Greitens has been a guest on various media outlets including NBC Nightly News,[34] the Today Show,[35] the Colbert Report,[36] and The Daily Show where he spoke on topics including the Mission Continues, the rigorous training he received at Basic Underwater Demolition/SEAL (BUD/S), and the death of al Qaeda leader Osama bin Laden.

Awards and honors[edit]

In 2014, Fortune Magazine featured Greitens as one of the World’s 50 Greatest Leaders.[37]

On April 18, 2013, Time Magazine named Greitens to its 2013 100 Most Influential People in the World. Former Chairman of the Joint Chiefs of Staff, Admiral Mike Mullen, provided the narrative for Greitens' selection as one of TIME's 2013 Pioneers.[38]

On May 20, 2012 Greitens was awarded an honorary Doctor of Humane Letters degree from Tufts University when he gave the commencement speech at the school's 156th commencement.[39]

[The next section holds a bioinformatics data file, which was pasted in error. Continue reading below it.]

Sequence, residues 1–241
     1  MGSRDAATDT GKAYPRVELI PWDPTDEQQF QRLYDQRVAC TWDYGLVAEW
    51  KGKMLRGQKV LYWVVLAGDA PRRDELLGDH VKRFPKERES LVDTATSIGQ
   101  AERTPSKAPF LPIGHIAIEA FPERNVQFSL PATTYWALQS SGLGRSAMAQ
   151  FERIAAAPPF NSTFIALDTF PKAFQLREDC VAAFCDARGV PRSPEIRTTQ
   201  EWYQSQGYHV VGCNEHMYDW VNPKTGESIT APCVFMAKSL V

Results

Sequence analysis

In June 2010, Major League Baseball and People Magazine announced Eric Greitens as a winner in People Magazine's All-Stars Among Us competition. Eric was selected to represent the city of St. Louis and the Cardinals at the 2010 All-Star Game in Anaheim, California.[40][41]

On October 3, 2008, President George W. Bush personally awarded Greitens the President's Volunteer Service Award outside Air Force One at Lambert International Airport in St. Louis, Missouri for his work at The Mission Continues.[42] Greitens also served as Grand Marshall and keynote speaker of the 2008 Veterans Day Parade in St. Louis, Missouri on November 8, 2008. He spoke alongside Francis Slay, Mayor of the City of St. Louis, and Congressman Russ Carnahan of Missouri's 3rd District. The City of St. Louis honored Greitens and the Mission Continues Fellows at a special ceremony at the City Hall Rotunda.

As a student, Greitens won two Oxford Boxing Blues and the Gold Medal at the BUSA National Championships. He is also a sub-3 hour Marathon Runner, and won the Shamrock Marathon at Camp Fallujah, Iraq in 2007. Greitens was honored with the HOOAH Award, commissioned by the Major George A. Smith Memorial Fund in 2009.[43] Greitens was named the 2010 Reader of the Year by Outside magazine.[44]

Personal life[edit]

Greitens married Sheena Elise Chestnut on August 7, 2011.[1]